We all have a certain dish or type of food that suddenly reminds us of childhood and mummy’s cooking. A chocolate cake, a rice pudding, a stew… One of mine is a couscous dish.
It’s basically a north African curry.
In France, there is a big north African community because of the old French colonies (like Indian community over here).
It’s not exactly like a curry (the couscous dish is a one and only) as curries are different; made with different types of meat, fish, vegetables, hot or mild…

This North African curry is usually made with 3 types of meat all added together (lamb, chicken and hot sausages) but like we’re vegetarians, I only make it with the vegetables.
After a couple of attempts, mine tastes very close to my mum’s but still there is something different…

What can I say, I can’t compete against the couscous queen!!

Anyway, this is my version.

For a 4 hungry people couscous, you’ll need:

– 1 big onion, chopped
– 3 garlic cloves, crushed
– 1 big carrot, chopped in half an inch slices
– 2 courgettes, roughly chopped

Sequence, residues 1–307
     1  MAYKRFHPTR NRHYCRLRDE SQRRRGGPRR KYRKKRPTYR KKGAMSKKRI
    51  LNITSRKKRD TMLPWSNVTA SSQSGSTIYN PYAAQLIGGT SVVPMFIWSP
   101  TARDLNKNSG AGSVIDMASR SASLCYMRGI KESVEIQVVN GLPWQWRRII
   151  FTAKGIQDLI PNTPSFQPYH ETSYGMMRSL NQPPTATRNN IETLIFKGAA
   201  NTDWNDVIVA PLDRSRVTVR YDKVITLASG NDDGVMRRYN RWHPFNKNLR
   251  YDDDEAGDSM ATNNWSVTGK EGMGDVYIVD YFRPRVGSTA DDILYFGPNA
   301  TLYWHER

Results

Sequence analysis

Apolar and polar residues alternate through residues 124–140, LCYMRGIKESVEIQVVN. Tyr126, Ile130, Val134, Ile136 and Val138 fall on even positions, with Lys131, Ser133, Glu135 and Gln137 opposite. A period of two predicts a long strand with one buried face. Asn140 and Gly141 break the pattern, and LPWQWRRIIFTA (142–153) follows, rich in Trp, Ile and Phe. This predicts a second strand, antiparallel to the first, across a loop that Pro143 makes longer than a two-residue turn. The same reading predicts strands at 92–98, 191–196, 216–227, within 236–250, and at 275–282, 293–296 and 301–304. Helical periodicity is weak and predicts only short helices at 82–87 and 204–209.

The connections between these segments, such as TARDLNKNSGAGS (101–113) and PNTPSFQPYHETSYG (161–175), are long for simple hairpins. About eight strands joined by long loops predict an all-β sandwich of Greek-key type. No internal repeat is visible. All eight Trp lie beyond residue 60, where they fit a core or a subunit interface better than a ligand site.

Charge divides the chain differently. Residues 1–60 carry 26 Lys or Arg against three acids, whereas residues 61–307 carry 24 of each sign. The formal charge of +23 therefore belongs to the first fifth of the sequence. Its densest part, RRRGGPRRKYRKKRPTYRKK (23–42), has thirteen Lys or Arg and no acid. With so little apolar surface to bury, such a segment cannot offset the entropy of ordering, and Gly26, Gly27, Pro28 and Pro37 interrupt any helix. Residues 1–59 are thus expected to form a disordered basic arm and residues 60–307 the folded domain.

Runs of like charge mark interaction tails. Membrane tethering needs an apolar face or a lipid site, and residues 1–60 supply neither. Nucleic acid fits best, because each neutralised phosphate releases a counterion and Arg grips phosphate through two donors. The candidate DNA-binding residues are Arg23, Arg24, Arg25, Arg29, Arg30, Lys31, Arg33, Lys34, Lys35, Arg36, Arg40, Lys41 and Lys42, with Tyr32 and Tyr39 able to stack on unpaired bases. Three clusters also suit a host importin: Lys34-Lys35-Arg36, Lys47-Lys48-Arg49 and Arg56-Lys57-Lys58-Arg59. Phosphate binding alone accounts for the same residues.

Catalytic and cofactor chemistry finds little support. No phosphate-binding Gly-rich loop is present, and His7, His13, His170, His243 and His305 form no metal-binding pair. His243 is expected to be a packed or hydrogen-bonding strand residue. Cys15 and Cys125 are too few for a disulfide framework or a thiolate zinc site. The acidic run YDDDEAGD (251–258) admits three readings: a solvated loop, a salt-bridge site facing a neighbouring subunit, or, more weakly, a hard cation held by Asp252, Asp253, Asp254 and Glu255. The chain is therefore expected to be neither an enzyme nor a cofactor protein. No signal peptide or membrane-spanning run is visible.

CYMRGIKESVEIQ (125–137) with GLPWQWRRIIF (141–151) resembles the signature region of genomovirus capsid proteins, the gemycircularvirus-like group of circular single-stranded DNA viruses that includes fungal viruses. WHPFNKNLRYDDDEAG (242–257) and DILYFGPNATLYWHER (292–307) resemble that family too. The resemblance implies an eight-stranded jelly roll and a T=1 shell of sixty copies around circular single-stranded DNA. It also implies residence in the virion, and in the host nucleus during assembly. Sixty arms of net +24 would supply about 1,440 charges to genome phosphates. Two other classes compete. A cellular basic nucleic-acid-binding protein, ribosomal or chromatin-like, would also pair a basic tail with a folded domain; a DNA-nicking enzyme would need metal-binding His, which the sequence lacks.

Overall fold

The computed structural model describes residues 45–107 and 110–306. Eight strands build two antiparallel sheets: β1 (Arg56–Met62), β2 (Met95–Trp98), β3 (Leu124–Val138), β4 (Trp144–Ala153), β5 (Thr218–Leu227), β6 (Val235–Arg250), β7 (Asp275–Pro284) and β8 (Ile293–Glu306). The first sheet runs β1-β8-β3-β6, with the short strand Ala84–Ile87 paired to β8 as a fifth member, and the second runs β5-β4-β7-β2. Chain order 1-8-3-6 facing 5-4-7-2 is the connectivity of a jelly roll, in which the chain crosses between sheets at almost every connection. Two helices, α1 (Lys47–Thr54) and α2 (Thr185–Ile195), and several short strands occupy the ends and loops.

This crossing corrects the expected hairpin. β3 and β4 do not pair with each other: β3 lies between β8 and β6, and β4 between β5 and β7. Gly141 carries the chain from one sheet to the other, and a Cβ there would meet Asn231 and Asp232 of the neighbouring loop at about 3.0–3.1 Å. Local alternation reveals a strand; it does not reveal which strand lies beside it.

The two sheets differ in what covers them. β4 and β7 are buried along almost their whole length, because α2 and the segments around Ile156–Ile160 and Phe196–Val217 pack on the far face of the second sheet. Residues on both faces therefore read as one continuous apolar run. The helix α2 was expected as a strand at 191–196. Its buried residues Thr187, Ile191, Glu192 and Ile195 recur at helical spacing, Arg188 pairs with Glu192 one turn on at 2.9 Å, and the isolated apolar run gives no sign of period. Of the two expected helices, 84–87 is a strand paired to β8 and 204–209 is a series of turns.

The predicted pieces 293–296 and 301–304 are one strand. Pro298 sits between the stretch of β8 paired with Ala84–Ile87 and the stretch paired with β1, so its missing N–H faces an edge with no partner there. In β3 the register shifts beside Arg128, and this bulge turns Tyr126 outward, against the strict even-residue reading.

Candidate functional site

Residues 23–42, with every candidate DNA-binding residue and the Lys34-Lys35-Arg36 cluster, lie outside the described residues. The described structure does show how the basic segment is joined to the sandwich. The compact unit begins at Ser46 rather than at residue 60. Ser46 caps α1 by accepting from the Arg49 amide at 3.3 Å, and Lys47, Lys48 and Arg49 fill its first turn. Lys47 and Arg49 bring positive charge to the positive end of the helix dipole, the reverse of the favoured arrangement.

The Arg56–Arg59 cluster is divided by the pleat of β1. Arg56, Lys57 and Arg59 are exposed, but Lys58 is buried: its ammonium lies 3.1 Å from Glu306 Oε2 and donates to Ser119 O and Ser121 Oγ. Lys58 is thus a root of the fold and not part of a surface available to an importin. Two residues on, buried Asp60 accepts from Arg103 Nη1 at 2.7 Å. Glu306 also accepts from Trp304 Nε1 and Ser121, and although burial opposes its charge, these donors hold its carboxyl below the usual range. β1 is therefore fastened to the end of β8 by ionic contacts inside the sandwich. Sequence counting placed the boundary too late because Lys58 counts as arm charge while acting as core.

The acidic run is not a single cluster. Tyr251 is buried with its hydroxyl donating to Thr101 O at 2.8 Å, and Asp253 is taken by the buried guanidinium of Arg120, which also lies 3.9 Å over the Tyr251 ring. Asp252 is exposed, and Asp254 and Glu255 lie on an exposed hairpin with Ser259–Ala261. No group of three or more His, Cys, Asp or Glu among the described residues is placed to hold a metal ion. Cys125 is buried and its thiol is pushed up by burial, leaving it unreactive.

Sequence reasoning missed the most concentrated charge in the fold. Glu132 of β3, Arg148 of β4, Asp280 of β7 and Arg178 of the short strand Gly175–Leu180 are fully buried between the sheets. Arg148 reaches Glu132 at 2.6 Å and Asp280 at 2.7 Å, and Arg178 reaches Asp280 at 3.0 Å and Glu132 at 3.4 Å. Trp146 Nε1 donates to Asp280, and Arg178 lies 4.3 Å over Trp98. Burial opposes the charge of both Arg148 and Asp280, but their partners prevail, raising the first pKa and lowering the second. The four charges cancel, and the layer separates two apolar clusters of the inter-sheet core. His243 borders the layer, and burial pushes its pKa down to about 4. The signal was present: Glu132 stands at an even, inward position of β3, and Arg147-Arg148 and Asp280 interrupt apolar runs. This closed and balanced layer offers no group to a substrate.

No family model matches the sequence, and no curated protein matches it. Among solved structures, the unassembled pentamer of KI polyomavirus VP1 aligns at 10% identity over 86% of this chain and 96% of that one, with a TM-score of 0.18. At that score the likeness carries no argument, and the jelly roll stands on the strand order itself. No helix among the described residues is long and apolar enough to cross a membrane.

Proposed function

– 2 peppers (any color), chopped
– Half a tin of chickpeas
– One tin of chopped tomatoes
– 1 stock cube
– 1 dessertspoon of ras el hanout (north African blend of spices)
– 1 teaspoon of ground cumin, ground coriander, paprika
– Salt and pepper

Fry the onion in a large saucepan.

After 5 min, add the garlic. When the garlic starts cooking, add the carrot and spices.

Leave it for 3 min then add the chopped tomatoes and the stock cube. Cook with a lid for about 15min then add the other vegetables. If you don’t have enough moisture, just add some water.

Leave it to simmer for a while (30 min).

When your vegetables are cooked, put the chickpeas in. Season to taste, it needs quite a lot of salt.

Put it aside, lid on and wait for 10min before eating.

Serve with couscous (what we call couscous in the UK is actually only the name of the whole dish; we call it couscous semolina in France).

Mylène

Holidays in Brittany

This summer, we went to visit my family in Brittany in the family house I grew up in.
We had such a lovely time all together, the weather wasn’t the best but we made up for it with a lot of time just enjoying the company of each other.

I don’t really have any recipe to share from the holiday, only ideas.